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Walter Rybeck was born in Wheeling, West Virginia in 1920.

After attending West Virginia University for two years, Rybeck joined the army during the Second World War. After WWII ended, Rybeck resumed his studies at Antioch College in Yellow Springs, Ohio and became a reporter for the Columbus Citizen after graduating. Later, Rybeck took a job as editor for the Dayton Daily News and it was in Dayton where he met his future wife, Erika Schulhof, for the first time. In the early 1960s, Rybeck started working at Cox Newspapers as the Washington Bureau Chief. Seven years later, in 1967, Rybeck worked with former Senator Paul Douglas investigating into the roots of urban decay. Here, Rybeck held the position of Assistant Director for the National Commission on Urban Problems before he later became the editorial director at the Urban Institute. Rybeck also held position as an assistant to Congressman Henry Reuss (Wisconsin) and Congressman William Coyne (Pennsylvania) before he created his own consultancy The Center for Public Dialog.

Furthermore, Rybeck became really concerned about the communities where he lived. Within Wheeling, Rybeck started to heavily involve himself in nature and folk-dance programs at Oglebay Park. Within Fairmont, Rybeck assisted in the organising of a symphony, suiting his interests as an accomplished pianist. Likewise, in Dayton, Rybeck helped to arrange a natural history museum as well as serve on the Performing Arts Council at Riderwood Village – a retirement community located in Silver Spring, Maryland.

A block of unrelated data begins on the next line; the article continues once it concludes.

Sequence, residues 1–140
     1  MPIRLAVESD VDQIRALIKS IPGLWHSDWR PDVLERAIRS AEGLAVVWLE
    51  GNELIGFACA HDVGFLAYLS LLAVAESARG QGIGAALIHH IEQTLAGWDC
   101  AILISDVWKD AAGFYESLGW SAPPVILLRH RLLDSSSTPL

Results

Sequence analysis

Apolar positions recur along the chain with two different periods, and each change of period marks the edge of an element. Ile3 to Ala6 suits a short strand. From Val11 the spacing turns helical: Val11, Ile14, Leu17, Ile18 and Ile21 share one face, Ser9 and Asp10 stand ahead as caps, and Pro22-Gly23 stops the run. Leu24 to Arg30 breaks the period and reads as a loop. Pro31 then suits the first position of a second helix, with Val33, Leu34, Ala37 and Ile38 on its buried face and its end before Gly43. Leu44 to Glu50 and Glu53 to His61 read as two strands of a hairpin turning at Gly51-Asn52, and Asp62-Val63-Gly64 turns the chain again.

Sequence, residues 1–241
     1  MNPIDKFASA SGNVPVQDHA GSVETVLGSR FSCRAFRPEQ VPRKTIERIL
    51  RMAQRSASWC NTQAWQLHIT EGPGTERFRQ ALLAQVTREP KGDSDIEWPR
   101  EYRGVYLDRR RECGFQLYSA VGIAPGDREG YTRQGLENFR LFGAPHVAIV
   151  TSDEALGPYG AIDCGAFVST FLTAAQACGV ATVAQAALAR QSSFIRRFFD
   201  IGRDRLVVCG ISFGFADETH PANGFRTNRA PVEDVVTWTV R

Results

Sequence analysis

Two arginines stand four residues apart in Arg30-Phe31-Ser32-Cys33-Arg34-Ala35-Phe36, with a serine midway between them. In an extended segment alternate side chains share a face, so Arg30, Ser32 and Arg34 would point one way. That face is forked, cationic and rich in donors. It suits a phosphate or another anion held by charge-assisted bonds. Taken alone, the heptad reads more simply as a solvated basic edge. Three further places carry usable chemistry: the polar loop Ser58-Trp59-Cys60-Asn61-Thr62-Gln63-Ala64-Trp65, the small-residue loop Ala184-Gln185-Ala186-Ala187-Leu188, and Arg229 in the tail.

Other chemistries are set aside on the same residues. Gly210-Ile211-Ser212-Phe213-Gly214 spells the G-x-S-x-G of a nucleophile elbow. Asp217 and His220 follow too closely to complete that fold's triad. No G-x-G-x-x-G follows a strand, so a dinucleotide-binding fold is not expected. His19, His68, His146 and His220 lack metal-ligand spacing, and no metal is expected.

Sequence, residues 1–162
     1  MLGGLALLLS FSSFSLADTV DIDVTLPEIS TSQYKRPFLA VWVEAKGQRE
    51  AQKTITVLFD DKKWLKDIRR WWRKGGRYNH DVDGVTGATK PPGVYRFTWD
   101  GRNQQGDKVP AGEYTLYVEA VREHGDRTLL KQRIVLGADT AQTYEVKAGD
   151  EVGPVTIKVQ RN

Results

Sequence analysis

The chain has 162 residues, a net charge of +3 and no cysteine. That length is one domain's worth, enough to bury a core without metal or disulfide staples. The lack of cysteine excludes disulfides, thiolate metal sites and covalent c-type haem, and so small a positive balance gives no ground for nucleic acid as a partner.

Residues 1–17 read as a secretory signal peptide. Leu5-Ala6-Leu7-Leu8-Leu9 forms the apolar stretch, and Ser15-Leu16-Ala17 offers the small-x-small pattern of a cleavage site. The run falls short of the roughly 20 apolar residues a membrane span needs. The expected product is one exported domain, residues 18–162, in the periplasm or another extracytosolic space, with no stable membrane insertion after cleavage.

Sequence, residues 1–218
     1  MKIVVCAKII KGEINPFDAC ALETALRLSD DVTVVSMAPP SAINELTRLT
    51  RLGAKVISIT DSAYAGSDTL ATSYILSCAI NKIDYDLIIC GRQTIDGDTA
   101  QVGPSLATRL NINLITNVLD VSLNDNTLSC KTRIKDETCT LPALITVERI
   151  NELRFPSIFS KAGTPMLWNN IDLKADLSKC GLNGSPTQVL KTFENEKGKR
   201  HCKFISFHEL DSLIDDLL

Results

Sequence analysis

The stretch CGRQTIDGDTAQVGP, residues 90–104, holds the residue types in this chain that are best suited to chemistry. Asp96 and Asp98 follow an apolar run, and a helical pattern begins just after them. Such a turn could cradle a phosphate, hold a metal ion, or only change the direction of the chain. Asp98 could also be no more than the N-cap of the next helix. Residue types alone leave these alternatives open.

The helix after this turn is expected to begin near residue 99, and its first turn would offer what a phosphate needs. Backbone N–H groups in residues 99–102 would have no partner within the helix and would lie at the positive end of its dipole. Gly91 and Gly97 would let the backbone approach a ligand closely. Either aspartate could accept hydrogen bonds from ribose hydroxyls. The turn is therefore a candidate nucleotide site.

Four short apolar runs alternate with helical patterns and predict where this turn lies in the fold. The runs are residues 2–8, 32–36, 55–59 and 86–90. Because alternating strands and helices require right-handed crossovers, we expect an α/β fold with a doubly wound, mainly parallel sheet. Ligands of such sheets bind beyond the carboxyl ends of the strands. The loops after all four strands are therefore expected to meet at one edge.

Sadly, Walter Walter Rybeck died from pneumonia on the 3rd May 2016 in Holy Cross Hospital in Silver Spring, Maryland. He was 96. Nevertheless, Rybeck will be remembered for his advocating of economic justice, most notably concerning affordable housing, creating jobs and infrastructure funding. Thus, in his book Re-Solving the Economic Puzzle, Rybeck not only sheds light on what tools are needed to accomplish these objectives but also his over-arching philosophy on the matter and the other significant aspects of his life leading him up to these conclusions.


“This book is truly one of the best introductions to real-world economics that I have come across… This is indeed a book that should be read by every economist, every student, and every person who has been puzzled and troubled by our economic woes. It would be wonderful if a policymaker happens to read this book and actually implements its solution, but otherwise, the people should know that there are economic solutions, and that it is politics, not economics, that blocks universal prosperity.”
Fred Foldvary, American Journal of Economics and SociologyRead full review here

“Could go far to restore our nation’s economic health.”
William J. Coyne, former Pittsburgh Congressman

“A workable formula that will make our natural riches a blessing for the population as a whole.”
Ken Hechler, formerly White House Assistant, Congressman and West Virginia State Secretary

“This timely and important book was born out of distress at seeing so many fellow countrymen needlessly suffering for want of an understanding of how the tax system could work wonders… People, especially politicians, need to read books like this and to be courageous in transforming the current flawed model of economic activity into one which will promote useful productivity, fairness and sustainability instead of rewarding dangerous speculation.”
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